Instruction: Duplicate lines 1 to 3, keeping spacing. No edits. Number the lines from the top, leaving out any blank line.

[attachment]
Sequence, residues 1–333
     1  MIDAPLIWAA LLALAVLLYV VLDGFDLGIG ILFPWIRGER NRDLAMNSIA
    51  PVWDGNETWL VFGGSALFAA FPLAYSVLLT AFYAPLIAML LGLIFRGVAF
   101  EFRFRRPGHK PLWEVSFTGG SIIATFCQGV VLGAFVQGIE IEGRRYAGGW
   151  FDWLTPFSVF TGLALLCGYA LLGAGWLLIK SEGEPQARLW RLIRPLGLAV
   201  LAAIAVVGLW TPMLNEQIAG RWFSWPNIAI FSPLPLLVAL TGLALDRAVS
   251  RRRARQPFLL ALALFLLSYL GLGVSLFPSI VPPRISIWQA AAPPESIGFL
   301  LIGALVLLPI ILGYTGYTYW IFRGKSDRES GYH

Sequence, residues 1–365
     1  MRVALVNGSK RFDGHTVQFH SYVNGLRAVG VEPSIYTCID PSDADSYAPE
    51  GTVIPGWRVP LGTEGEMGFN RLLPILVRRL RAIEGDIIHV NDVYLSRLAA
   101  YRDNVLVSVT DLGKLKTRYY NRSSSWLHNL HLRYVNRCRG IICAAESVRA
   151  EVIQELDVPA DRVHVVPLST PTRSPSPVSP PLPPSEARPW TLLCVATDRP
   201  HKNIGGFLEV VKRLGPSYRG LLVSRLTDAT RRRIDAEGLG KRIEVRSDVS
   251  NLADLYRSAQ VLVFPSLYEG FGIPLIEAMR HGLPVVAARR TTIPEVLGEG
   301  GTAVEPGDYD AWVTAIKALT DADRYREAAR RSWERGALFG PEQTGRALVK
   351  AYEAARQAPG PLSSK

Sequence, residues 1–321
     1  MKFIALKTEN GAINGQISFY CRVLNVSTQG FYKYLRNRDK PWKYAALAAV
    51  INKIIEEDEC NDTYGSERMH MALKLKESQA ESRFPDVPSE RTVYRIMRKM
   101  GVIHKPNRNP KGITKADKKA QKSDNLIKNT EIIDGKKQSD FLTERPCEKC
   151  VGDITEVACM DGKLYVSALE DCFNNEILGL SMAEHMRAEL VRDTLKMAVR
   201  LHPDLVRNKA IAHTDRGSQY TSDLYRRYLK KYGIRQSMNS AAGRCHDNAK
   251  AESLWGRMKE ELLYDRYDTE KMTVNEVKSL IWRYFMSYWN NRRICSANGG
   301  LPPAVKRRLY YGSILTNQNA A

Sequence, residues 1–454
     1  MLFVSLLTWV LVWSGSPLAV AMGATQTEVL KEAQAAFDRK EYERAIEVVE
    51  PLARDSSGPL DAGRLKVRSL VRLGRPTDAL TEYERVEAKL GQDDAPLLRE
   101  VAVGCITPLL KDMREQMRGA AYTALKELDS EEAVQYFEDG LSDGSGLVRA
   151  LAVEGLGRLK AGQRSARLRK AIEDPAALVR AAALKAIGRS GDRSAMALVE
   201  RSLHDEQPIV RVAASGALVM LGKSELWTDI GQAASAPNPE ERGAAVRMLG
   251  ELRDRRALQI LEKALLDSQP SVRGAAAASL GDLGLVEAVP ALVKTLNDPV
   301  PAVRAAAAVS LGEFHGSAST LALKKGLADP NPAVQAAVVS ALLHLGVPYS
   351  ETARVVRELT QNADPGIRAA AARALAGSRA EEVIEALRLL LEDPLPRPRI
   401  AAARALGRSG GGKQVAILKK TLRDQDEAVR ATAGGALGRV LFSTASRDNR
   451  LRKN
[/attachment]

Sequence, residues 1–333
     1  MIDAPLIWAA LLALAVLLYV VLDGFDLGIG ILFPWIRGER NRDLAMNSIA
    51  PVWDGNETWL VFGGSALFAA FPLAYSVLLT AFYAPLIAML LGLIFRGVAF